Press "Enter" to skip to content

Stricherz to Propose Bills on Protection Orders, Indian Child Welfare Compliance

Rep. Patricia Stricherz (R-8/Winfred) is working on two pieces of legislation to protect women and children. The first bill is tentatively titled the "South Dakota Indian Family Preservation Act." It is essentially an effort to bring South Dakota into compliance with the federal Indian Child Welfare Act. South Dakota's failure to comply with ICWA was documented in the controversial Sullivan & Waters October 2011 report on NPR. Federal officials are planning a summit on Indian foster care issues in South Dakota, and the Bureau of Indian Affairs is considering sending federal lawyers to South Dakota to push ICWA enforcement. Rep. Stricherz's proposed legislation is the first formal state-level response (other than denial) that I've seen. Rep. Stricherz deserves our thanks for her willingness to lead this conversation in the state legislature.

The second bill from Stricherz would create a "Hope Card" program like the project piloted with Montana's Crow Tribe and implemented statewide in Montana in April 2010. Rep. Stricherz explains:

The Hope Card Project is an attempt to couple law enforcement's need for information during incidents involving violations of protection orders and the victim's need for streamlined services during times of crisis.

...The Hope Card is approximately the size of a standard business card and contains a photo and personal information of the vicitm and the respondent, as well as the case number of the order of protection, the issuing court and county, the date it was issued as well as the expiration date, if any.

These special cards are available to anyone with a valid permanant order of protection. They are also available to children that may be involved in this order [Rep. Patricia Stricherz, Facebook post, 2011.08.13].

The Missoulian editors and Montana Attorney General Steve Bullock think Hope Cards will greatly improve the lives of domestic abuse victims:

These wallet-size cards would contain all the information needed for law enforcement to immediately determine if a person has a valid order of protection, no matter where in Montana that person might be. Thus, a person who lives in one police jurisdiction may travel to another jurisdiction without the need to carry a thick file around at all times. In addition, Hope Cards would include a photo of the person restrained under the order, something many orders of protection lack.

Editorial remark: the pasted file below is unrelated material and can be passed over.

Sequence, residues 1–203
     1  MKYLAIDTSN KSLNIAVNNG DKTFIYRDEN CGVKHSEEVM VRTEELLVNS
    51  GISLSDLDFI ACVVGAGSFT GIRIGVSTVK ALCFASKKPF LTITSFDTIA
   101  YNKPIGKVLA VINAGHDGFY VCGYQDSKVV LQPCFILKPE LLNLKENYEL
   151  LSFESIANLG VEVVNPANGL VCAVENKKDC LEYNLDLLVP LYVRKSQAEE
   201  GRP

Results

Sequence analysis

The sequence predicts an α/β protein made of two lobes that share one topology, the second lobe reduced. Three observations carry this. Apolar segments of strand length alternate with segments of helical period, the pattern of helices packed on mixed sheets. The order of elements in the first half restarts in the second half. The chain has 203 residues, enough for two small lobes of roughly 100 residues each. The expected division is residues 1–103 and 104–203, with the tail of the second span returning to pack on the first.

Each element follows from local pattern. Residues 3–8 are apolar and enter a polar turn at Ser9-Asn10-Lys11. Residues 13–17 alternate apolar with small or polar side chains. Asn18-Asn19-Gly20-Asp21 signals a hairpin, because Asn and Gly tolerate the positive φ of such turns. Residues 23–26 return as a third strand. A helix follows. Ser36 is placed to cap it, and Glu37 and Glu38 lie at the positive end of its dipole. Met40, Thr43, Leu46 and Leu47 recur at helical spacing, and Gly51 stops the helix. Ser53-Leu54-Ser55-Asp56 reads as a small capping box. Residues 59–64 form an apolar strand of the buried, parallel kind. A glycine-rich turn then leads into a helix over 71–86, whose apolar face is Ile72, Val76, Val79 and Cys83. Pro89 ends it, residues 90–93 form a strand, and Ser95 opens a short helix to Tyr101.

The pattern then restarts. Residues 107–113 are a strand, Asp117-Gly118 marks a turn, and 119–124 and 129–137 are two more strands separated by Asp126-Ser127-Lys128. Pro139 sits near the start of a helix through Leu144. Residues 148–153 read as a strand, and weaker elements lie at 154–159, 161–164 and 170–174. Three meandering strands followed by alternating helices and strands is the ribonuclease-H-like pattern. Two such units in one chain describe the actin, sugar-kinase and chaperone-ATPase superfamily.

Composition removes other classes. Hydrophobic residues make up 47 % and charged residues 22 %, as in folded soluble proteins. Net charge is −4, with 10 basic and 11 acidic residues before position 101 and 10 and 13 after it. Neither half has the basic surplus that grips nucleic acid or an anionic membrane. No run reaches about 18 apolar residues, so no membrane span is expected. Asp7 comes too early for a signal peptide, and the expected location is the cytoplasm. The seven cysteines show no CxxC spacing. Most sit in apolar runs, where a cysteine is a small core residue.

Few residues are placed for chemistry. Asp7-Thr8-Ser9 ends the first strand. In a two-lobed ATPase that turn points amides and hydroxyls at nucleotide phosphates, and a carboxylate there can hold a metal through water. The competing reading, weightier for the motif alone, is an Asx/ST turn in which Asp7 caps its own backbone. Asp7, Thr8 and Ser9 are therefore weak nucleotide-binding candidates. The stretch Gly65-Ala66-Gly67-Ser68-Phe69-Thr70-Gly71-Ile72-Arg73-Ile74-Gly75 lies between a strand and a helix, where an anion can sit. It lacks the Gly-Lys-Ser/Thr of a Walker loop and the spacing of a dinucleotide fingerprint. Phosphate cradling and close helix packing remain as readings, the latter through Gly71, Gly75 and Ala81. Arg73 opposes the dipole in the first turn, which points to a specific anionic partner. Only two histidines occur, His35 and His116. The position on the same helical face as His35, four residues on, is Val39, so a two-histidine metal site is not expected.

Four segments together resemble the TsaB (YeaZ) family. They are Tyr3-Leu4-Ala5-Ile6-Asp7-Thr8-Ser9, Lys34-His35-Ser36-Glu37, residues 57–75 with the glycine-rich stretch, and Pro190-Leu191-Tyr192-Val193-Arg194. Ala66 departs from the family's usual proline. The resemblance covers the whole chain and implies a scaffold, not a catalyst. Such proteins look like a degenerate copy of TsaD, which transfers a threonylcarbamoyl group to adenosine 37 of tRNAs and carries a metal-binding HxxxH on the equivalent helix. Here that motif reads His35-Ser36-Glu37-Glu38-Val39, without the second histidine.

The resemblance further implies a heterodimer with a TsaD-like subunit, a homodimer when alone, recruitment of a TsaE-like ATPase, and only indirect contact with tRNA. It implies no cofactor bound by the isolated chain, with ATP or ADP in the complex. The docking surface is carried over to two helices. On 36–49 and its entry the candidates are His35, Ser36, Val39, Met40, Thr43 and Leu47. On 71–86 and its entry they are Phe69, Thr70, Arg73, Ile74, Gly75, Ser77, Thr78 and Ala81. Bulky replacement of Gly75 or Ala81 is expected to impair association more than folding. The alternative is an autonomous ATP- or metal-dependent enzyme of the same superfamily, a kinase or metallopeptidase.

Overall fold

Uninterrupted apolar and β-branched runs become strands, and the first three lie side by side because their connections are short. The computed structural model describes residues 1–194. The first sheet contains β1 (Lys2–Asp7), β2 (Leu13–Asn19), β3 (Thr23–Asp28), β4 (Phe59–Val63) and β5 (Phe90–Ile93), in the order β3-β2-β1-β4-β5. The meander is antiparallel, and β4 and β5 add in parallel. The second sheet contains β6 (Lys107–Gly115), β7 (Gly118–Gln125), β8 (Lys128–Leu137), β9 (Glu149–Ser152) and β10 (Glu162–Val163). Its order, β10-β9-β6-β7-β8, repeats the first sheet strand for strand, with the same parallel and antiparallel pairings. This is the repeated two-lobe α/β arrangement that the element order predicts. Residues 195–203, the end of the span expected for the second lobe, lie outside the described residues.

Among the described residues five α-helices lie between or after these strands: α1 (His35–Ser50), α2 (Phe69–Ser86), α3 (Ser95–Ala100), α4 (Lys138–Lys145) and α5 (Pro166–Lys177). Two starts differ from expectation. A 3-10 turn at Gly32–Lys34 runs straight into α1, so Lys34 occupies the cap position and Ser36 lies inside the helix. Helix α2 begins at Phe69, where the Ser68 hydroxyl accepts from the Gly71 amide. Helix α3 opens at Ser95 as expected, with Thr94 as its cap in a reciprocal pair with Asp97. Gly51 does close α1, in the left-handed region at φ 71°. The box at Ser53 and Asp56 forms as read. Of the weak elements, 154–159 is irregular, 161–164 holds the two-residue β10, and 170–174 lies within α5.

..."It is without a doubt, that these cards will make incredibly difficult situations for law enforcement and victims more manageable," Bullock said in a prepared statement. "They are compact and easy to carry, so those protected will be more likely to have them in their possession in dangerous scenarios and law enforcement won't have to decipher lengthy court documents" [editorial, "Hope Cards Simplify Protection...,"The Missoulian, 2010.04.29].

Rep. Stricherz deserves further commendation for keeping her eyes open for good ideas from our neighbors. Both the Hope Card and legislation to improve our foster care system promise benefits for children and families across our state.


  1. Nick Nemec 2012.01.03

    The Hope Card is a great idea. Hopefully it will be adopted. Expect one of the arguments against it to be that it costs too much and among the extreme right that the state shouldn't be involved in such things.

  2. Steve Sibson 2012.01.03

    Going into bed with the feds may not be a good idea. I just began a book that I think Cory, Bill, Larry, and many of you would find very interesting. Here is an excerpt from a review of the book:

    From Thy Will Be Done Acknowledgments : p.xvi " ...In the Amazon basin countries, the conquest followed the general trend of exploring for oil, rubber [etc.]...and U.S. competition with other big powers...All this was assisted by a foreign aid system which was gradually crafted over thirty years by Nelson Rockefeller, beginning as Roosevelt's Coordinator of Inter-American Affairs during World War II and as Truman's foreign aid architect.

    "The missionaries came in on the cultural, social, and political side of the conquest, their leader influenced by Rockefeller philanthropies and a counterinsurgency network shaped by Nelson Rockefeller's development goals. Summer Institute of Linguistics (SIL) was hired by military dictatorships and civilian governments, often headed by Nelson's allies, to pacify the tribes and integrate them into national economics increasingly being brought into the North American market. SIL used the Bible to teach indigenous people to "obey the government, for all authority comes from God.""

    The massacre and genocide of, for example, the Indians of Cintas Largas, Brazil for the land, minerals and wealth of the land was for the most part officially ignored until 1968, although well documented today. According to Colby and Dennett, "the disastrous impact of missionary activity" remained officially ignored. 'in reality those in command of these Indian Protections posts are North American missionaries--they are in all the posts--and they disfigure the original Indian culture and enforce acceptance of Protestantism.' But officials of the American Fundamentalist missionary organization that worked with SPI [Service for the Protection of the Indian] among the tribes---the Summer Institute of Linguistics (SIL), known in the United States by its less scientific alias, the Wycliffe Bible Translators--denied that any genocide took place. The head of SIL's branch in Brazil disclaimed all reports of genocide, and the founder of SIL, William Cameron Townsend, denied any knowledge of the massacres at all." [Colby, p.3-4]

  3. larry kurtz 2012.01.03

    Screw South Dakota and Montana, though AG Bullock is at least trying. Reservations should be counties in a non-contiguous 51st State.

Comments are closed.